Sunday, July 8, 2012

Turn Up the Heart by Grace Burrowes

We’re due for another 100+ degree day here in Western Maryland, complete with bugs, humidity, and a strong possibility of thunderstorms, and yet, I will tell you, heat for an author is not just a good thing, it’s the factor that makes or breaks a novel, and more is better.

By heat, I do not necessarily mean erotic content. Sherry Thomas’ recently released “Ravishing The Heiress” has exactly one hot scene in the book, 222 pages into a 300 page read, and that scene is between a man and woman who’ve been married for eight years and are on the verge of a civil separation. This book has gotten raves from PW, Romantic Times, and the Library Journal, and well it should.

Why? Because the author makes an impossible pressure cooker out of the tried and true love triangle, with twists, and loops and bends that would break wrought iron—but it doesn’t break these characters, it refines and strengthens them.

A diamond is a lump of coal subjected to impossible extremes of heat and pressure. So too, does applying “heat” to our characters, propel them from their damaged selves at the beginning of a book to a much stronger, healed version of themselves at the end of the book, capable of loving and being loved.
The link between heat and character transformation is old. When Dante wanted to show the utter absence of hope, a static and most terrible hell, he didn’t use heat. For the innermost circle of hell, he used the image of a sinner frozen up to the neck in ice—and that’s a powerful image. In current usage, we refer to trial by fire, the hot seat, or taking the heat, regarding situations that challenge what we’re made of.

My first job out of college was as a proposal coordinator for a government contractor. Proposals are how such companies win new business and survive in the marketplace. The deadlines are utterly inflexible, and sometimes we had one week to generate a 300-page document that in theory wasn’t supposed to sport a single typo. I learned what I was made of.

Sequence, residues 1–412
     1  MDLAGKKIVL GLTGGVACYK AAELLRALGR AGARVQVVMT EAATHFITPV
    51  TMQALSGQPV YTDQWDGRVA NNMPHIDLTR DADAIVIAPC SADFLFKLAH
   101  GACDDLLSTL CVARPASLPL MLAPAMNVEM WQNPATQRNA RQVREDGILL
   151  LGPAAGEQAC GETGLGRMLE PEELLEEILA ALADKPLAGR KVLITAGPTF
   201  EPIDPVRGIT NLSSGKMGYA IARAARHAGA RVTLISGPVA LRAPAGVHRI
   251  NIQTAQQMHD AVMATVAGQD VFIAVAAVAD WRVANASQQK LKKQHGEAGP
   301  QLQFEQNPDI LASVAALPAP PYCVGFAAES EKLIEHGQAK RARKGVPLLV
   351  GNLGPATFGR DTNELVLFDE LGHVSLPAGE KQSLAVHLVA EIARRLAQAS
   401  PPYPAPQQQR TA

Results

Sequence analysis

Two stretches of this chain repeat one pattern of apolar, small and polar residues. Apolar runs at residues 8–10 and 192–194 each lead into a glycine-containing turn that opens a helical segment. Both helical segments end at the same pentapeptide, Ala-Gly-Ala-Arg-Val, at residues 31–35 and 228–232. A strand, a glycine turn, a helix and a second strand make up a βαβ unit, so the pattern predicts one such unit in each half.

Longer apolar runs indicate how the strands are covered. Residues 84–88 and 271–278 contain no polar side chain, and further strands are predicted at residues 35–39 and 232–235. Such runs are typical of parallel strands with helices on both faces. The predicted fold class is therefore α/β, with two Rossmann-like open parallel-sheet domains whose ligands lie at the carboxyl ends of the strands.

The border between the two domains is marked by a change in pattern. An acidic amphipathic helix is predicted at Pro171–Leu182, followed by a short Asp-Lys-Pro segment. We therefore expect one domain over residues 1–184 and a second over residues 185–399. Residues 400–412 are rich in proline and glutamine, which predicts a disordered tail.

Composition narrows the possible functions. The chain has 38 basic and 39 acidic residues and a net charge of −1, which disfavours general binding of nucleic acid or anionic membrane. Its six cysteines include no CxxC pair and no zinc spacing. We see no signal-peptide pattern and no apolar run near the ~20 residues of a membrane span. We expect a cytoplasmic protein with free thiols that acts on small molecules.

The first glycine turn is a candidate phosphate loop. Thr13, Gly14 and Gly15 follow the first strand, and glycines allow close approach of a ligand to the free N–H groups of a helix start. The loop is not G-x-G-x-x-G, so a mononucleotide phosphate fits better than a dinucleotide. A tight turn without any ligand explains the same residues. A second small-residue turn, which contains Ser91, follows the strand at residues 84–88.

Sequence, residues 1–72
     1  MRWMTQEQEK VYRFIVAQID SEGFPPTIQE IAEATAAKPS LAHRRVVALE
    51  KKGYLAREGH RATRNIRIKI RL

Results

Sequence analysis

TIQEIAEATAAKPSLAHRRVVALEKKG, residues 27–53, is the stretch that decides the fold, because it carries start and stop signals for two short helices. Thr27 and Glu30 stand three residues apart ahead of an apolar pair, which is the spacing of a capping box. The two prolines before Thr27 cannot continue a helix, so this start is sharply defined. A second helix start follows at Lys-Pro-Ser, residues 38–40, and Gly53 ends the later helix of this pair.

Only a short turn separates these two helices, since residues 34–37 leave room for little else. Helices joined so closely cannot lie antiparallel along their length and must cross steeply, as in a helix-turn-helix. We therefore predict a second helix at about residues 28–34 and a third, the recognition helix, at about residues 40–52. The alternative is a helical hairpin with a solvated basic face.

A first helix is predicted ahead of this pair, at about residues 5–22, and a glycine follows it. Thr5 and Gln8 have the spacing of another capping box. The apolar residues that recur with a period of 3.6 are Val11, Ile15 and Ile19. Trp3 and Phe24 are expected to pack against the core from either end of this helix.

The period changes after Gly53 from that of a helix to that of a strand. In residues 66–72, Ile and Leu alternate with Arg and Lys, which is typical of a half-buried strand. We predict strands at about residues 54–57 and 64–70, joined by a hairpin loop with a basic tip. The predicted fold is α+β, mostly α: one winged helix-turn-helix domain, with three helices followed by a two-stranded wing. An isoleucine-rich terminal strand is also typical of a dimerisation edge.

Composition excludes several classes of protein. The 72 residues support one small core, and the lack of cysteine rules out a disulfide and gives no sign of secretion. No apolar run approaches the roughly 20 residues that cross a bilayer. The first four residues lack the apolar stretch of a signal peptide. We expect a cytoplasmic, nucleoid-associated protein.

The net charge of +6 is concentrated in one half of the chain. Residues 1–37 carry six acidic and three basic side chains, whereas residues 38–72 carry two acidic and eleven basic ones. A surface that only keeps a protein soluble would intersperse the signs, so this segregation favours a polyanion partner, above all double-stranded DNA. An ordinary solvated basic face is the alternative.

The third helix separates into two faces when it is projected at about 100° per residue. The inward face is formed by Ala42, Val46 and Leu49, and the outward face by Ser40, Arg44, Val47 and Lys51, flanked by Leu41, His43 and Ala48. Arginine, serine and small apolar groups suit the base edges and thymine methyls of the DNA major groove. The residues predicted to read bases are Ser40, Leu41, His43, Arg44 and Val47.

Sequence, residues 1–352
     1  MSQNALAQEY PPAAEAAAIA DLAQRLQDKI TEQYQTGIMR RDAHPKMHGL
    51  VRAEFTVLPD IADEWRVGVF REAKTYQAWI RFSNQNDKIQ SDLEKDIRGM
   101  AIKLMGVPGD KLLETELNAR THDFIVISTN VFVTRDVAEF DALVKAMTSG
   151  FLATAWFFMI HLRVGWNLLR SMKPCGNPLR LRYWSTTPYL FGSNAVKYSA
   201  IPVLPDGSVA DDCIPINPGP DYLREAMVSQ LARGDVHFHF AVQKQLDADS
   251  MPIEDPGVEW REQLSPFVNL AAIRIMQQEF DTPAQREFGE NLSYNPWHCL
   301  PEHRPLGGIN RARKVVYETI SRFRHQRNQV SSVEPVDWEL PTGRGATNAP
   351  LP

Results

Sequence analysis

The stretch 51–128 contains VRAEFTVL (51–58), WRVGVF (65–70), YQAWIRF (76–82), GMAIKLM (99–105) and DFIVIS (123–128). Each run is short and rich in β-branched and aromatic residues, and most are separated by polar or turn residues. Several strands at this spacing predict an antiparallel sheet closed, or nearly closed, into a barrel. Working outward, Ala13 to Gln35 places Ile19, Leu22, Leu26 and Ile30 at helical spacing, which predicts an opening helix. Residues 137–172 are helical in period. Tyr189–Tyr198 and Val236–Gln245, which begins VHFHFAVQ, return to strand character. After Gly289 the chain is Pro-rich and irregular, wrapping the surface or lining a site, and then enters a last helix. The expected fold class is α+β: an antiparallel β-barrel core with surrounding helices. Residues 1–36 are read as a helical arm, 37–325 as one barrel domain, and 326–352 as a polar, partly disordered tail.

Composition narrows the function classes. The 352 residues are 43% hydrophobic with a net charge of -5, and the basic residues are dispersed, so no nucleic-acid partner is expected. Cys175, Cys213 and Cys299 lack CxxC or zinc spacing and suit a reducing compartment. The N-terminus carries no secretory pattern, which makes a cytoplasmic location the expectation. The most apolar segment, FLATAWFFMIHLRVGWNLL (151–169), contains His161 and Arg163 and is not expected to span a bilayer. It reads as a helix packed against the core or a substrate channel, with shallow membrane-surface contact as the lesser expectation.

In my next job, I worked more than full time, and went to law school five nights a week.Then came single parenting…

In life, heat descends upon us. During a spell of hot weather, we know to stay in the shade, stay hydrated, and avoid overexertion. During a hot spell in our lives, we similarly learn how to cope and grow under duress, and we learn how creative and resilient we can be—even as we long for the shade and a cool breeze. So too in a good book, an author will turn up the heat on the characters, and then turn it up some more.

In my life, romance novels have always been the shade and the cool breeze, the place I could go to forget the deadlines and impossible co-workers, or the legal cases that ended in disaster.

How do you cope with either the hot spells in life, or the hot spells we’re enduring this summer? To one commenter below, I’ll send a signed copy of “Lady Maggie’s Secret Scandal,” which come to think of it, deals with a lady on a hot seat, so to speak.



  1. Great post, Grace!! You're so right about dealing with the heat.

    Stress at work has been really bad for the last two years. We've had spells where it lets up, but if I hadn't found the joy of writing, I don't know what I would have done.

    Definitely reading as escapism has always been a favorite of mine since I was a teen, although I had a long dry spell while being a single parent! Now I wouldn't give it up for anything! :)

  2. Terry, when I was a single mom (well, I still am, sorta), I can recall times when the ONLY thing I had to look forward to was a new Loretta Chase, Laura Kinsale or Mary Balogh. Oddly enough, now when I'm writing is when I have less time to read.

  3. Well said... and in true eloquent Grace style...BRAVO!!